11. Simonsen EB, Dyhre-Poulsen P. 1999. Amplitude of the human soleus H reflex during walking and running. J. Physiol.515:929–39
  12. 12.0 12.1 Grillner, S., Rossignol, S., 1978. On the initiation of the swing phase of locomotion in chronic spinal cats. Brain Res. 146, 269–277
  13. 13.0 13.1 Pearson, K.G., Rossignol, S., 1991. Fictive motor patterns in chronic spinal cats. J. Neurophysiol. 66, 1874–1887
  14. Reggie Edgerton 2004. Plasticity of the spinal neural circitry after injury Annu. Rev. Neurosci. 27:145–67
  15. Forssberg H.1979 Stumbling corrective reaction: a phase-dependent compensatory reaction during locomotion. J Neurophysiol 42:936–953
  16. 16.0 16.1 Lovely RG, Gregor RJ, Roy RR, Edgerton VR.1990. Weight-bearing hindlimb stepping in treadmill-exercised adult spinal cats. Brain Res. 514:206–18
  17. Zehret al,2003 Neural control of rhythmic human arm movement: phase dependence and task modulation of Hoffmann reflexes in forearm muscles. J. Neurophysiol. 89:12–21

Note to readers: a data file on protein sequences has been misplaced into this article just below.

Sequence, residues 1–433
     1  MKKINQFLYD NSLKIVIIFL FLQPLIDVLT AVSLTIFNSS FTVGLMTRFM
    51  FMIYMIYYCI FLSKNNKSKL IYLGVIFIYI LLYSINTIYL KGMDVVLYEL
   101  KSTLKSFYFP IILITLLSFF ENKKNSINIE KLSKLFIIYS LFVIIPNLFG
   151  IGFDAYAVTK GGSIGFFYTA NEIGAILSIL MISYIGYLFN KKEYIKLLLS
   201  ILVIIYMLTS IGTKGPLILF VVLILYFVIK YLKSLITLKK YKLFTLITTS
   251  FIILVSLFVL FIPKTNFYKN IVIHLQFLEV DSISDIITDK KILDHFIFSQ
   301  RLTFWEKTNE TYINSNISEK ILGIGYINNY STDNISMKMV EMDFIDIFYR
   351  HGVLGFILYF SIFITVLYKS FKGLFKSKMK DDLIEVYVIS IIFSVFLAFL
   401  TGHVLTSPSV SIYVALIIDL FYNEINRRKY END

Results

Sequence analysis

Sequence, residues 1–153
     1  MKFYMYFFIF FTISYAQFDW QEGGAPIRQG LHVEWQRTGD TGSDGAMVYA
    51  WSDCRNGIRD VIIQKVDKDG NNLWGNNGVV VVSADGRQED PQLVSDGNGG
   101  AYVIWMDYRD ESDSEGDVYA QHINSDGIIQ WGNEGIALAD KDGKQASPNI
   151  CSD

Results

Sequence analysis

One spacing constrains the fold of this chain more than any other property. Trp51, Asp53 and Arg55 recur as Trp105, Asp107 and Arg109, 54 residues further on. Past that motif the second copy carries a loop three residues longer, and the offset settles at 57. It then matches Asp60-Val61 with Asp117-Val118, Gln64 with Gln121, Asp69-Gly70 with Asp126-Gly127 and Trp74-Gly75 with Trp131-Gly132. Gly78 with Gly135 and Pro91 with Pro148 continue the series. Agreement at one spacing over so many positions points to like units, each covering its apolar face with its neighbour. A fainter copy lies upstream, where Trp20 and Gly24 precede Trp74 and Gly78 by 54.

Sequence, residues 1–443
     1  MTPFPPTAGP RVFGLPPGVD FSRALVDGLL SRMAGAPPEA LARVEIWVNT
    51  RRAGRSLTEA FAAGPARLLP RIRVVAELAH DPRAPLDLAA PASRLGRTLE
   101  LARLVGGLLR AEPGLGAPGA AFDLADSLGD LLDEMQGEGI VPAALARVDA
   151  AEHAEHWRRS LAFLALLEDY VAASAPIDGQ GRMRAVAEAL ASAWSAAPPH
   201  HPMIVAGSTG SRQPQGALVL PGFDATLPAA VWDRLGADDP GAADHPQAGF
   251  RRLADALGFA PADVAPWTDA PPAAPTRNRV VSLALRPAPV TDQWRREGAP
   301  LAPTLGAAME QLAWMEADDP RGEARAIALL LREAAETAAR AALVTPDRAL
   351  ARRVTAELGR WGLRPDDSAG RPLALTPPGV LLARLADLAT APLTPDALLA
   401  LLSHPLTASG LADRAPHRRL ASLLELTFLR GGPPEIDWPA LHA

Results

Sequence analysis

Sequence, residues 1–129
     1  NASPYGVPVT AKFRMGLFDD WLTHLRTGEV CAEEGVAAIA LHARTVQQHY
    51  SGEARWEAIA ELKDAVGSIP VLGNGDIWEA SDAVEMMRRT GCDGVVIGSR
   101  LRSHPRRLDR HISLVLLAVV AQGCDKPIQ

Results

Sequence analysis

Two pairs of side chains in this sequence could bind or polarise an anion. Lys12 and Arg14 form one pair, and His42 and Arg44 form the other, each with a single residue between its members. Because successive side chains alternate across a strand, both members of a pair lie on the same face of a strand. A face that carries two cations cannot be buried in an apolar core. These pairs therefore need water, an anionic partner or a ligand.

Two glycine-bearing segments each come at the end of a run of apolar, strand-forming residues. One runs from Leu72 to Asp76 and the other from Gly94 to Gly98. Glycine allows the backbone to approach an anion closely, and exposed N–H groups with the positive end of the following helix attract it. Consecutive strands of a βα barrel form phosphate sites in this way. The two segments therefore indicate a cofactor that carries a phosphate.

18. Duysens J, Pearson KG. 1980. Inhibition of flexor burst generation by loading ankle extensor muscles in walking cats. Brain Res.187:321–32
  19. Ianniruberto and Tajani Ultrasonographic study of fetal movements. Semin Perinatol 5: 175–181, 1981.[Web of Science][Medline]
  20. Dietz et al, 1998b. Locomotor pattern in paraplegic patients: training effects and recovery of spinal cord function. Spinal Cord 36:380–90
  21. Grillner S, Zangger P. 1984. The effect of dorsal root transection on the efferent motor pattern in the cat’s hindlimb during locomotion. Acta Physiol. Scand. 120:393–405
  22. Gerasimenko YP, Avelev VD, Nikitin OA, Lavrov IA. 2003. Initiation of locomotor activity in spinal cats by epidural stimulation of the spinal cord. Neurosci. Behav.Physiol.33:247–54